Is it time to rethink our penal system?
It costs in the region of €70,500 per year to house one prisoner in Ireland, according to figures contained in the Irish Prison Service Annual Report for 2010. This figure has decreased by €6,000 from 2009 when per capita costs where in the region of €77,000.
The reduction in costs has been brought about by the more efficient operating of our prisons, but also mainly by an increase in bed capacity. Prisons are like aeroplanes – the more bums on seats you have, the cheaper your operating costs. However when you consider that on average a midcareer garda would earn in the region of €45,000, and adding on €30,000 for costs to the State for training, administration, etc., each prisoner on release equates with an extra garda on the streets, or an extra nurse in a hospital or an extra teacher in a school.
It makes sense not to punish an overburdened public with increased taxes or by reduced public services in order to fund the cost of housing someone found guilty of a crime. Instead a fundamental change to our penal system is needed, starting with a concentrated policy by the judiciary to implement the Criminal Justice (Community Service) (Amendment) Act, 2011 which imposes an obligation on judges who are considering the imposition of a prison sentence of less than one year to first consider the imposition of community service as an alternative to imprisonment.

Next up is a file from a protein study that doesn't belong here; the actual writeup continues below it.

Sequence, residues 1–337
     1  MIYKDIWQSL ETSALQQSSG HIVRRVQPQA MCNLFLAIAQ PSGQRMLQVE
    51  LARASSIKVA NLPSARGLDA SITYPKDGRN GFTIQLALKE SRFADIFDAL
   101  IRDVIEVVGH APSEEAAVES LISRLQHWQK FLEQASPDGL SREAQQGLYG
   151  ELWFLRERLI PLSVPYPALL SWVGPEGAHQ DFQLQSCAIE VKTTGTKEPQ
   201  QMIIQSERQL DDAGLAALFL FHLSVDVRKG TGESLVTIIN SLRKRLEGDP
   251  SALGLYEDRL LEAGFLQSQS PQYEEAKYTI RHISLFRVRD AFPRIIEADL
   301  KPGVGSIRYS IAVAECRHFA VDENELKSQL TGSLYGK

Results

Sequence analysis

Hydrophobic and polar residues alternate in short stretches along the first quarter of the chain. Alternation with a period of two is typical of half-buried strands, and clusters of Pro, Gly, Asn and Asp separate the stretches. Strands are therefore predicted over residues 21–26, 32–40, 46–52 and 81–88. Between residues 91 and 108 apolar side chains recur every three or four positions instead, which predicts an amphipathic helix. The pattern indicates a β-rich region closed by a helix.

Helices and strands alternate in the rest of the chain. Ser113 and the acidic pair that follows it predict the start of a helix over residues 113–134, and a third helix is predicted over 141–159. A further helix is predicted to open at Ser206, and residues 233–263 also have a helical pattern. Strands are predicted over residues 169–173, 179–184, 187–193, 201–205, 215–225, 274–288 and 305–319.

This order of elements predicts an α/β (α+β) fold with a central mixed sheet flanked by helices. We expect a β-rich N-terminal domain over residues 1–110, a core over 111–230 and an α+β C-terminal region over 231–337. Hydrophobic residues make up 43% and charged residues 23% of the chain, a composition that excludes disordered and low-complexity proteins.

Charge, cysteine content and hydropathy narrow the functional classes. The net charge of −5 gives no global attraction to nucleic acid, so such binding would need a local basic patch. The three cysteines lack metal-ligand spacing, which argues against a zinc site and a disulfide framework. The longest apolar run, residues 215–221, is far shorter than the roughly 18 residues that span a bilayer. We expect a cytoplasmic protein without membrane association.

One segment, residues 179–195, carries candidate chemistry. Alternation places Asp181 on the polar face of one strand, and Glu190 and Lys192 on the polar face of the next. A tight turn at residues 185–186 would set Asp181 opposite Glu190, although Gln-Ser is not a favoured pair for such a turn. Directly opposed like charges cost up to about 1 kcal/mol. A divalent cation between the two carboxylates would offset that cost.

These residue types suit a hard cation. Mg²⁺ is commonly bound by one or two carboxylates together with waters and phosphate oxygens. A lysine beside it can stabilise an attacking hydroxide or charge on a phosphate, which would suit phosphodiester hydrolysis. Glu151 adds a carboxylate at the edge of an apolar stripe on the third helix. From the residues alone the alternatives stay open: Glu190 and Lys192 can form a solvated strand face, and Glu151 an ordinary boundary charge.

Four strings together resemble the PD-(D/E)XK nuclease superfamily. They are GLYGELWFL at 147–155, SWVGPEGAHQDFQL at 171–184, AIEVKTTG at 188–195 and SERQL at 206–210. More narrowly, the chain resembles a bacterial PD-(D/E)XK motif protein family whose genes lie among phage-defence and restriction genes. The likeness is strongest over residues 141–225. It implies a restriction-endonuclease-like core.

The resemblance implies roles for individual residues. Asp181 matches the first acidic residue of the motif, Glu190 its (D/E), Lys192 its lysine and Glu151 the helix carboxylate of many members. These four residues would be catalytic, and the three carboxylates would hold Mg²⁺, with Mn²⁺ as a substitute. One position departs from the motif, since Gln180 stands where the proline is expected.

Suitable long term prisoners could be allowed to seek early parole, and on release be again assigned to specific community service, thus again saving the state the costs of accommodating them.
I am not recommending any form of “get out of jail” free card for those found guilty of crimes, but a suitable form of service to the community which they have committed the crime against. Ireland has hundreds of unfinished housing estates abandoned by insolvent developers which will, if they are ever finished, have to be paid for out of the public purse.
There are flood defences to be built, streets to be cleaned, dereliction to be removed and community centres to be built. All these are works which could be carried out by those who are sentenced by the courts, as an alternative to sitting idle in a prison cell at a cost to the tax payer of €200 a day. The imposition of more community service orders, properly and strictly enforced and supervised, would lead to major cost savings and free up resources which could be diverted to improve public services, and would in my view be a more effectual method for the rehabilitation of prisoners.